|"Douglas F-24a 'Dauntless'." Aviation Enthusiast Corner Spring 2003: 23-24.||"Horsepower (each): 1000"||1.49 MW|
|Hawk, Chuck. The Best fighter planes of world War II. 1997.||"Pratt and Whitney R-2000-18W; 2325 hp at 2800 rpm at S.L."||1.73 MW|
|Aircraft Engines: Comparison Chart: Turbojets. General Electric Transportation. December 2003.||[see table below]||4.25–26.6 MW|
|How WWII fighter planes Worked. How Stuff Works. June 2005.||"This engine had two banks of seven cylinders and generated around 1,000 horsepower."||1.49 MW|
|F-100-pw-200 Engine. jets.dk. June 2005.||"When the aircraft is flying above supersonic speed the engine is actually producing more than 100.000 horsepower".||74.9 MW|
|Specific Fuel Consumption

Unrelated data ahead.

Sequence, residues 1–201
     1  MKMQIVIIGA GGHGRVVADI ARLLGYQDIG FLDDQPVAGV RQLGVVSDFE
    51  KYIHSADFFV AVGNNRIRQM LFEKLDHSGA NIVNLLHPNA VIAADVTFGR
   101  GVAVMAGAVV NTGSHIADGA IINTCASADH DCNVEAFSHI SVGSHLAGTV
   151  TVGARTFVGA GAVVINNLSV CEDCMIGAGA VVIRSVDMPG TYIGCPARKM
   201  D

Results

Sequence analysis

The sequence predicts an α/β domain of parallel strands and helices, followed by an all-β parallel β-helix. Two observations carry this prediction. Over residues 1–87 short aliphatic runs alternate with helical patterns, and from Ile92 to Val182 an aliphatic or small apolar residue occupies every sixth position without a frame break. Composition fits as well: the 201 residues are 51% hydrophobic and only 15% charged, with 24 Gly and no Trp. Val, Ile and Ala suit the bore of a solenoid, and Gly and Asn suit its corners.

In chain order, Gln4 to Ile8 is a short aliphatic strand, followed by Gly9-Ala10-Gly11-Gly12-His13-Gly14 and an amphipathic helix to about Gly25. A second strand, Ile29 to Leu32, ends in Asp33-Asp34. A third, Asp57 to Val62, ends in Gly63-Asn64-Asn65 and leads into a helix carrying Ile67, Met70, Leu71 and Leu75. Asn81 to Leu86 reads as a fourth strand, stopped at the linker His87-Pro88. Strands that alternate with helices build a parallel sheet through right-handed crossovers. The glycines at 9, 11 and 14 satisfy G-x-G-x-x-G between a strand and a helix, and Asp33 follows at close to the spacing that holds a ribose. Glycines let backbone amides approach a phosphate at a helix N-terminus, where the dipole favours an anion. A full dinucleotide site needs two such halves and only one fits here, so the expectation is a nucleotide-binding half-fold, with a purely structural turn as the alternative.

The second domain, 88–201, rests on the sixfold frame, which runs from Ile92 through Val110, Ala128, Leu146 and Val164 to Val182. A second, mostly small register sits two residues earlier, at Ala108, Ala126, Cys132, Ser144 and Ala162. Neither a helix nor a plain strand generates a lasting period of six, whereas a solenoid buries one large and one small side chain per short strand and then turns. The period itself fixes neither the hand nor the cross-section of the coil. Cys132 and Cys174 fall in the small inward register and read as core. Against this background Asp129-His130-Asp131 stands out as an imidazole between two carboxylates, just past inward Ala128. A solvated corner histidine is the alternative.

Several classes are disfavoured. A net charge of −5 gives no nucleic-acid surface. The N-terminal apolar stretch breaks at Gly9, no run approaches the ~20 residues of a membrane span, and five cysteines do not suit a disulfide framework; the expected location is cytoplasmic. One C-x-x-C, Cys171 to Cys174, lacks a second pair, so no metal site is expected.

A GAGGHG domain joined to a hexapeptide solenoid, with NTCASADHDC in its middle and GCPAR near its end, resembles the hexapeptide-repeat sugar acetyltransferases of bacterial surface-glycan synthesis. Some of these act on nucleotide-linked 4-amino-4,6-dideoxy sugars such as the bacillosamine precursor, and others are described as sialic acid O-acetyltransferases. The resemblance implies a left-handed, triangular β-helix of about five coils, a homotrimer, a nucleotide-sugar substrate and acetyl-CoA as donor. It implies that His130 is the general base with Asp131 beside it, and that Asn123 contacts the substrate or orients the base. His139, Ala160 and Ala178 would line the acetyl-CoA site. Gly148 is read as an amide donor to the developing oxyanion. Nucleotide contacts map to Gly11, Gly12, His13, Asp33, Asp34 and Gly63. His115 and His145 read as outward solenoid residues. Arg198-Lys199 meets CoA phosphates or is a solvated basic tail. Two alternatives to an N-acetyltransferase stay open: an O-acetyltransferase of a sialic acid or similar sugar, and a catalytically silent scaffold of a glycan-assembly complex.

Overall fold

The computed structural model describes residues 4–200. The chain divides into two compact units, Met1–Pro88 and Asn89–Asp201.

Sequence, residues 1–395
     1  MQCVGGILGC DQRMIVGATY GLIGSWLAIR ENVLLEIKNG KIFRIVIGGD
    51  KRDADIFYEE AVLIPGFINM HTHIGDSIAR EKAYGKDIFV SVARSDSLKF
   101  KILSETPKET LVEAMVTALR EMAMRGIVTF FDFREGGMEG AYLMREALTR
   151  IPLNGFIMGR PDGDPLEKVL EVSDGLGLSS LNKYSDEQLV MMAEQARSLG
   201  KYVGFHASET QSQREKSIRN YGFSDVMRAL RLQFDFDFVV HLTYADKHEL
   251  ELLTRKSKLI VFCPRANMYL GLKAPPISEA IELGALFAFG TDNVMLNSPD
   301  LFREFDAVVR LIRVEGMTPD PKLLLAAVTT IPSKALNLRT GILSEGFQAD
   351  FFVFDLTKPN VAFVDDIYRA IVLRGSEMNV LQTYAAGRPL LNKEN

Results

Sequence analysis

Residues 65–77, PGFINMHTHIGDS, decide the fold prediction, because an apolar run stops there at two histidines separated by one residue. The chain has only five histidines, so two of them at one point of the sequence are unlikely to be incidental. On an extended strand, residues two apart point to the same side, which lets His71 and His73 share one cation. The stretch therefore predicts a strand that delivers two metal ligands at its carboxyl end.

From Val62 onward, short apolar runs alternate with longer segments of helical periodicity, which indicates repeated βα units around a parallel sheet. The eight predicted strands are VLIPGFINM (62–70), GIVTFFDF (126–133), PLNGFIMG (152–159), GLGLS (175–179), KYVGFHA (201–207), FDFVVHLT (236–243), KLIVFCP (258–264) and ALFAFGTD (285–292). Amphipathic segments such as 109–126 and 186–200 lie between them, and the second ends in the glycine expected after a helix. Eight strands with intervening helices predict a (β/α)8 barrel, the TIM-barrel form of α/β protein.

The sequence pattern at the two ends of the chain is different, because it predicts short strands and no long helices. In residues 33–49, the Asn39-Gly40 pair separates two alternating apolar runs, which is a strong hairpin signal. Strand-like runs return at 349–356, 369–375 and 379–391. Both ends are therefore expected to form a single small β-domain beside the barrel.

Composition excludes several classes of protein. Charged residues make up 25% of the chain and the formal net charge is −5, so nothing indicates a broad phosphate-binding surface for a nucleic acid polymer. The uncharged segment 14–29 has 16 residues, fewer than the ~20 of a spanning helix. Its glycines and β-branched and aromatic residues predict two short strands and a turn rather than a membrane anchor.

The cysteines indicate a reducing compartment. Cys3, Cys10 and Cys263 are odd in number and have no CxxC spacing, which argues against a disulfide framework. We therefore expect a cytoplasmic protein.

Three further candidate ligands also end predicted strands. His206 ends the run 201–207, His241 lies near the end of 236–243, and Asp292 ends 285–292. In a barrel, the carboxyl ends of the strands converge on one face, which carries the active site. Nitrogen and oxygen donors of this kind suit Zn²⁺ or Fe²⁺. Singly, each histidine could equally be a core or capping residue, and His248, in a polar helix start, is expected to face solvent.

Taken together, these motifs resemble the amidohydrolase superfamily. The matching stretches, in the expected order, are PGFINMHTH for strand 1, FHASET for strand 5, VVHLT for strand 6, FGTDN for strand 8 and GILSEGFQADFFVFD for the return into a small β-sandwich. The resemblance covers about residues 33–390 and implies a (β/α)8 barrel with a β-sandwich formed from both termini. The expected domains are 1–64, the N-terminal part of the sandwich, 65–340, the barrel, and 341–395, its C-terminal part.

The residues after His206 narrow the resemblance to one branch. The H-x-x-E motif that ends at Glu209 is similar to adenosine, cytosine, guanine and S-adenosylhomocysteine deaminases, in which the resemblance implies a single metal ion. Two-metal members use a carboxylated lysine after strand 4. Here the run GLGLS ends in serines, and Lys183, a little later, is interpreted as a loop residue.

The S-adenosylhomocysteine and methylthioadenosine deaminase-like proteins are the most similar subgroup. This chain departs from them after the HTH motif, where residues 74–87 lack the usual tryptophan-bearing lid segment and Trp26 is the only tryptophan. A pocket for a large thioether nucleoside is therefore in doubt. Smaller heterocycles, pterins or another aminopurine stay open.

at Maximum Power
|Max. Power at Sea Level||17,000||17,820||17,000||17,000||3,850||2,850||5,000|
|Overall Pressure Ratio
at Maximum Power
Power is the rate of performing work or transferring energy. Power measures how quickly the work is done. Power is always expressed in units of energy divided by units of time. A traditional unit of power is the horsepower, which is equal to the amount of power required to lift 550 pounds at a rates of 1 foot per second. The SI unit of power is the watt, which is equals the power needed to do 1 joule of work per second. There are about 746 watts in 1 horsepower.
In WWII the Japanese Zero plane was the most advanced fighter plane which generated about 746,000 watts of power. WWII was a long time ago and a lot of things have changed, we know have more advanced technology. The F-117a stealth fighter is one of the most advanced planes today, they have the new F100-PW-200 engine which produces about 74,900,000 watts of power.
Sahar Takkouche -- 2005